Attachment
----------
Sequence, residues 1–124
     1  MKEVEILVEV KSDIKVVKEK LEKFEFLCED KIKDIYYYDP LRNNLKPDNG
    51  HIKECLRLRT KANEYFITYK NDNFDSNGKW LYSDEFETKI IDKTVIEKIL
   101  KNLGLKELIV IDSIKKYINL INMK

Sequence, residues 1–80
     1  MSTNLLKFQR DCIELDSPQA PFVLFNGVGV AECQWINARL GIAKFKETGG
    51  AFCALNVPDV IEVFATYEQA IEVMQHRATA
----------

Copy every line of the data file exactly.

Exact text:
Sequence, residues 1–124
     1  MKEVEILVEV KSDIKVVKEK LEKFEFLCED KIKDIYYYDP LRNNLKPDNG
    51  HIKECLRLRT KANEYFITYK NDNFDSNGKW LYSDEFETKI IDKTVIEKIL
   101  KNLGLKELIV IDSIKKYINL INMK

Sequence, residues 1–80
     1  MSTNLLKFQR DCIELDSPQA PFVLFNGVGV AECQWINARL GIAKFKETGG
    51  AFCALNVPDV IEVFATYEQA IEVMQHRATA